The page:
HKS Arab Caucus: An Interview With the Co-Chairs

By Malik Siraj Akbar, Web Editor, The Citizen

Continuing our series of interviews with the representatives of different student groups here at the Kennedy School, this week we are publishing an interview with the co-chairs of the Arab Caucus, Khaled Kteily and Fayrouz Saad.

Tell us a little about yourselves. What brings you to the Kennedy School?

Kteily, Khaled HeadshotKhaled: My name is Khaled Kteily; I am an MPP1 (Master in Public Policy) with a background in management consulting and working with the United Nations. I am a Palestinian-Lebanese who has worked extensively on the issue of Palestinian human rights and am proud of my background as an Arab; being involved with the HKS Arab Caucus was a big part of continuing my work by promoting an Arab voice on campus and making sure my colleagues see the positives of what the Arab world has to offer. Working with my co-president Fayrouz has been an incredibly rewarding experience towards achieving that.

Fayrouz SaadFayrouz: My name is Fayrouz Saad and I’m a Mid-Career Student at HKS. Before coming to HKS, I was working on National Security policies ad program in Washington DC as a Presidential Appointee and following as a consultant.  I am a Lebanese-American from the Detroit-Area and I have also worked on empowering the Arab-American community across the US through Advocacy and Civic Engagement programs while building bridges and relationships with Government and Elected Officials.  I am passionate about continuing to do this work and also came to HKS to focus more on Urban Policy in hopes of accelerating Detroit’s revitalization.

Tell us more about your organization/ PIC. How many members do you have? What is the purpose of the organization and what do you do to meet these goals?

We have about 150 members (HKS and otherwise) of all backgrounds including the Middle East.  The purpose of the Arab Caucus is to educate the Harvard Community on issues facing the MENA region while also providing a space on campus for students to come together to celebrate culture and discuss important pressing political issues.  We hope to accomplish this through consistent communication with our members on issues as they arise as well as organized events that bring students together to educate them on Arab culture, politics and current events while also giving them a space to express their concerns and ask questions.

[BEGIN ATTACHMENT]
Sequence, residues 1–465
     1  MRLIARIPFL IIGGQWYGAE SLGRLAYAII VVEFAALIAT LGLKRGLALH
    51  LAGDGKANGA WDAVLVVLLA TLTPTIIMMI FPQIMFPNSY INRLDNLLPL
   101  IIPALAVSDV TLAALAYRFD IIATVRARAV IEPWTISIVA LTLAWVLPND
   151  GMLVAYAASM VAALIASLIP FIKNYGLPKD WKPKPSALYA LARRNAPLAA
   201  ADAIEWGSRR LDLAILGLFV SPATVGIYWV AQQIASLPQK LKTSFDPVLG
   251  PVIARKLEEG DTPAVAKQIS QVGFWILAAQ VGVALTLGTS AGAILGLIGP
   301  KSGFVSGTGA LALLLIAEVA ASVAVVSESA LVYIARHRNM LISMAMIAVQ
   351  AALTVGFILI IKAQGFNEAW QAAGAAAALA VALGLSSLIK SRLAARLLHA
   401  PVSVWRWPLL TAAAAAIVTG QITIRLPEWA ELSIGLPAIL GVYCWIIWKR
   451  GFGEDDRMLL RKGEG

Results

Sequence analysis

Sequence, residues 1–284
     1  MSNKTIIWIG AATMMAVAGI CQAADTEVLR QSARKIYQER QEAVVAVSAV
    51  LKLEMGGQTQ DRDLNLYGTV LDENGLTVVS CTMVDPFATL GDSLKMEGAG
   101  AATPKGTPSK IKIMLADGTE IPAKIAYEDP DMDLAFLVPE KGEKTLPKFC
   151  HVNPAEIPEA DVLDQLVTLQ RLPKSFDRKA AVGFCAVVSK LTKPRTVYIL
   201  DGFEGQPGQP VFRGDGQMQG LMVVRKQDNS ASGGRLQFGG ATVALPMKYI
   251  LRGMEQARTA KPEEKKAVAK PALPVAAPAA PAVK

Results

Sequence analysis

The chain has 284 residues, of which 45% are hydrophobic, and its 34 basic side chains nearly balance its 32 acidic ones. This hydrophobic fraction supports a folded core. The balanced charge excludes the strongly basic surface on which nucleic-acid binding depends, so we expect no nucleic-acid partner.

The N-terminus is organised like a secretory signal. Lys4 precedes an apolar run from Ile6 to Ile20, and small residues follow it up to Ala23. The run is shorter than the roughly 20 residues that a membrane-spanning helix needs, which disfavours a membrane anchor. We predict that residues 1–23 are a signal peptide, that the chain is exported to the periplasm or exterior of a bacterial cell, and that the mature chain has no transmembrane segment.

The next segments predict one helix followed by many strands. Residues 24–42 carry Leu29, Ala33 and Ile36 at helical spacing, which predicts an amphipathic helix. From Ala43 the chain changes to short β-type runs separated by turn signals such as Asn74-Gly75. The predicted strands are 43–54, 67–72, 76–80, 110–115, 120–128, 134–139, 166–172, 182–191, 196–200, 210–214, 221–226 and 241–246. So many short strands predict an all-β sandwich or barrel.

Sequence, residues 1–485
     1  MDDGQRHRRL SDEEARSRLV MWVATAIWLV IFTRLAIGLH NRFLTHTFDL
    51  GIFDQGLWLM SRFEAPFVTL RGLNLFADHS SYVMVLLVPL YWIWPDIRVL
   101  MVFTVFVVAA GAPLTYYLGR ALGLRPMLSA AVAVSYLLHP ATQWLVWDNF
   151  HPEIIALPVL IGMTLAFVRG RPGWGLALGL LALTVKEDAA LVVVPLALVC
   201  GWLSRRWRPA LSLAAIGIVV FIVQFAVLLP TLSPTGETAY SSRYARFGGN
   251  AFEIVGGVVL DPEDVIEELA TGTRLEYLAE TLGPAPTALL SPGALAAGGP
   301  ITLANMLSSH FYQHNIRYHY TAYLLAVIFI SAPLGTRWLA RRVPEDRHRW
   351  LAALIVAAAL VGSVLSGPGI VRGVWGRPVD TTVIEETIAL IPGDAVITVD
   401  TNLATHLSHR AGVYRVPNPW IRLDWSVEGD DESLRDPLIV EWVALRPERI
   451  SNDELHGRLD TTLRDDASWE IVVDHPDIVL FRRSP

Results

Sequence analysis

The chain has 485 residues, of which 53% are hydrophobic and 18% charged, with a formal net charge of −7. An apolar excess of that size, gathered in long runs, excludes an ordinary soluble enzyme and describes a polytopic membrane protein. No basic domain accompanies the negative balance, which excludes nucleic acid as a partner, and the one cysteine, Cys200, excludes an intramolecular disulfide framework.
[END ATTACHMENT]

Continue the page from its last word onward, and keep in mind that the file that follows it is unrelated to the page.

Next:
What are some of the interesting events and activities you organized past semester and what do you intend to do next semester?

We have tried to plan a good mix of events. This past semester, we held events including a mixer with Tufts, a human rights talk with Dr. Mads Gilbert, and a small-group session with Egyptian comedian Bassem Youssef. This coming semester we hope to hold a large networking event for Arab and non-Arab students, and to host an Arab comedy show. Stay tuned for details!

How can current and future students join your organization? How do you think your organization adds value to students’ HKS experience?

All students are welcome to join! Anyone with an interest in the Middle East – not necessarily just Arabs – is welcome to join. It’s an incredible opportunity to meet peers with similar interests and begin building a network in the region.

HKSAC LogoHow does the environment at the Kennedy School help in meeting your organizational goals? What are some of the challenges your organization faces in terms of improving the work you are currently trying to accomplish?

We have a passionate and committed group of students helping with events, as well as an open-minded environment at HKS that encourages critical thinking and learning more about the different regions of the world.  While we are fortunate to be on the Harvard Campus and be working with intelligent and passionate individuals from all backgrounds, busy schedules and competing events make it difficult to keep students engaged.  Additionally, evolving, changing and challenging current events in the Arab World present us with a challenge of where to focus as all issues are important and need attention.